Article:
You've put years of dedication into your job and the time has come for a well earned career break. With the retirement age and life expectancy going up, and recession cutbacks still looming in many industries, a sabbatical has become an attractive prospect for reflection, renewal and the recently redundant. But how do you plan a successful sabbatical? In this month's How To, we look at the Dos and Don'ts of taking your dream break from the work place.
Plan ahead of schedule
Getting your ducks in a row before you take a sabbatical is not an option: it is a MUST. To be away from your day job or business, you need to make sure everything can run efficiently without you around. This means serious planning. Whether its training a new manager to hold down the fort while you are away, sorting out your finances, making travel plans or any number of extra tasks. It takes time to get organized properly, so make sure you give yourself enough of it to do so.
Choose what kind of sabbatical you want
People take sabbaticals for all kinds of reasons. Its a good idea to establish why you want to take yours: to pursue other interests, or just to spend some time with family, away from the corporate rat race. Just having an understanding of why you want to take a sabbatical will go a long way in establishing your own expectations.
Set realistic goals
Do not allow yourself to get lost in a sea of fantastical goals. No one can write a book, learn to speak Portuguese, learn to play an instrument, volunteer in Africa, save the whales and backpack through South America in six months. Make a list of achievable goals and stick to them - but don't close yourself off from being spontaneous. Think hard about how much time you have and then plan your goals around that.
Set a time frame
Set a reasonable and realistic time frame for your sabbatical. It's pointless rushing, when you know you will need at least a year to complete your goal. Heading back to work too early will only render the process pointless. On the other hand, if you know you will get bored after six months, why take more? This all goes back to the first point: PLAN AHEAD OF SCHEDULE.
The opportunity to take extended time off work comes but once or twice a lifetime before retirement kicks in. Grab it with both hands and make the most of the opportunity. Read the classics, the supermarket pulp fiction or the celeb magazines you've been longing to page through. Build model airplanes or vintage cars if that's what is on your list of things to do. Paint your furniture, fly a kite, redecorate your home. The point is, it's your sabbatical. Own it.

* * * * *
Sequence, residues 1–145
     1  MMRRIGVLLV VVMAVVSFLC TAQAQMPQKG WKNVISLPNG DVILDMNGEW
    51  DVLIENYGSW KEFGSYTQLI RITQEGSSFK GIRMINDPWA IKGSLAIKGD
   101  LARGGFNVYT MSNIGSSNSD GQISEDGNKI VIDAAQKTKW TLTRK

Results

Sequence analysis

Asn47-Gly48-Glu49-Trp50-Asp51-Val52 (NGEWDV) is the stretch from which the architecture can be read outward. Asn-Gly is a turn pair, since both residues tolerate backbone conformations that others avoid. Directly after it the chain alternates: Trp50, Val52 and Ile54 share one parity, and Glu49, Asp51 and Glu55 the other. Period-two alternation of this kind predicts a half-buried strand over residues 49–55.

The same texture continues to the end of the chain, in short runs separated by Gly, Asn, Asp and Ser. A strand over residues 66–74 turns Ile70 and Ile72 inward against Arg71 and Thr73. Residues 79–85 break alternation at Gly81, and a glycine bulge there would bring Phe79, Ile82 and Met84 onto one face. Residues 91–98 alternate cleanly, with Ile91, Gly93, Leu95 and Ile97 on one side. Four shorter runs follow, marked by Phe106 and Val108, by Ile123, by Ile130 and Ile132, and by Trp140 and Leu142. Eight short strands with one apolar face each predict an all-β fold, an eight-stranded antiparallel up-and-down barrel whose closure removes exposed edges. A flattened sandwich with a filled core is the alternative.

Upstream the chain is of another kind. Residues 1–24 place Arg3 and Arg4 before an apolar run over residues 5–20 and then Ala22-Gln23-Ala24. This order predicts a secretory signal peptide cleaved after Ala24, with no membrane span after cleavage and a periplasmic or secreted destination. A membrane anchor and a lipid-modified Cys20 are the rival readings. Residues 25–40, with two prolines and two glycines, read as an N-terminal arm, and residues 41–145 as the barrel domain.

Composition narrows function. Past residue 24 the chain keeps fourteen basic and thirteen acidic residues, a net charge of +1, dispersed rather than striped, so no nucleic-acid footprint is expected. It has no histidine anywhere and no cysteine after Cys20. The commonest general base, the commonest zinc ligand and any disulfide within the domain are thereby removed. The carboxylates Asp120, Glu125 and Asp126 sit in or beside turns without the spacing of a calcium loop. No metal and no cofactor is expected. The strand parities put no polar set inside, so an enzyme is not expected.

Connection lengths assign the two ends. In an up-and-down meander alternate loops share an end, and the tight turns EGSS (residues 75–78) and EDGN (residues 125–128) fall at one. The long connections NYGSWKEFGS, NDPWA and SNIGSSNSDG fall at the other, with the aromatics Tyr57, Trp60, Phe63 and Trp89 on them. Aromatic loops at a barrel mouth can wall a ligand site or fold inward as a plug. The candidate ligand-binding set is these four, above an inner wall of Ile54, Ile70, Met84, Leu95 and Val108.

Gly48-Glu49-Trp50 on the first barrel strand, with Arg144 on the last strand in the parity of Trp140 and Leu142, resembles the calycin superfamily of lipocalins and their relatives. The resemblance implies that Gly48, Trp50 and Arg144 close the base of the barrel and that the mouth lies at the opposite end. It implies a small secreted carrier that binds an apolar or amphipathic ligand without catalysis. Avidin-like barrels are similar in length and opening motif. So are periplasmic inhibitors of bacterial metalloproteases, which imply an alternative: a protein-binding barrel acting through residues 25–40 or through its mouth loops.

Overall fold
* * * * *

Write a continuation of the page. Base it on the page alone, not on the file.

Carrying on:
Be in contact
Stay in contact with your employers or employees - at a safe distance. This is in case of emergencies. One phone call from the office too many, and you will find yourself wasting precious sabbatical time with problems that are no longer your responsibility.
On the other hand, cutting yourself off completely would be unwise. Staying on friendly terms with your former employer during your sabbatical may keep valuable opportunities open for your on your return to the workplace.
Plan your finances
Unless you've hit the jackpot and earned a paid sabbatical, financing your break from the working world is going to be costly. Make sure you put enough research into planning the financial logistics of your extended leave. Set up and budget and work with that. This also related to your time frame, mentioned in point number 3. Make sure your budget can see you through the sabbatical.
Get out of town
Whether you go to Indonesia for a month, or to Cardiff for the weekend, take some time to get out of town - at least once. You don't need to go far to get out of your comfort (or discomfort) zone and refresh your mind.
Make sure you have a job to come back to
Make sure your employers understand that you are taking a sabbatical for their benefit as much as yours. The ultimate goal is for you to come back to work with renewed energy resources and fresh ideas. But there's no point in gaining those things if you have no job to come back to.
Leave anything till the last minute
99% of the time, things are cheaper when you book far in advance. If you are planning to spend 6 months of your sabbatical abroad, try to book your tickets and accommodation early.
Last Updated: January 2011